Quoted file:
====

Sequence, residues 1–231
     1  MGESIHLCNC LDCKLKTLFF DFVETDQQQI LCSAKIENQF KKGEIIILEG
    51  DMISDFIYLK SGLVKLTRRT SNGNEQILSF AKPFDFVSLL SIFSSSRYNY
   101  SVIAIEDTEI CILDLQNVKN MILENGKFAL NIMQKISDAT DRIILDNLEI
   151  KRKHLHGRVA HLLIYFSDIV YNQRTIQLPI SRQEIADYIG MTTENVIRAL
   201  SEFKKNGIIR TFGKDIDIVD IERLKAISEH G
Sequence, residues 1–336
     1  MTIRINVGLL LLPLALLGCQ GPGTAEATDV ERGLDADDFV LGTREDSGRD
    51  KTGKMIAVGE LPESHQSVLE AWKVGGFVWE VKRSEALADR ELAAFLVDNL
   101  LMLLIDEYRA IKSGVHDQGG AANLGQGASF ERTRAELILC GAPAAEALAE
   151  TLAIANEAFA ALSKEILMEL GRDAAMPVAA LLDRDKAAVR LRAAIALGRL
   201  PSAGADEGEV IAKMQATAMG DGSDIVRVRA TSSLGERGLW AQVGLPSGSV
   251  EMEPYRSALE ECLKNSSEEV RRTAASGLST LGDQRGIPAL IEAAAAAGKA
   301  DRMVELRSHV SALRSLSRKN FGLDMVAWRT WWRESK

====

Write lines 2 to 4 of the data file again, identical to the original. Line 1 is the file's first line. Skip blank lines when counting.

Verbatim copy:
     1  MGESIHLCNC LDCKLKTLFF DFVETDQQQI LCSAKIENQF KKGEIIILEG
    51  DMISDFIYLK SGLVKLTRRT SNGNEQILSF AKPFDFVSLL SIFSSSRYNY
   101  SVIAIEDTEI CILDLQNVKN MILENGKFAL NIMQKISDAT DRIILDNLEI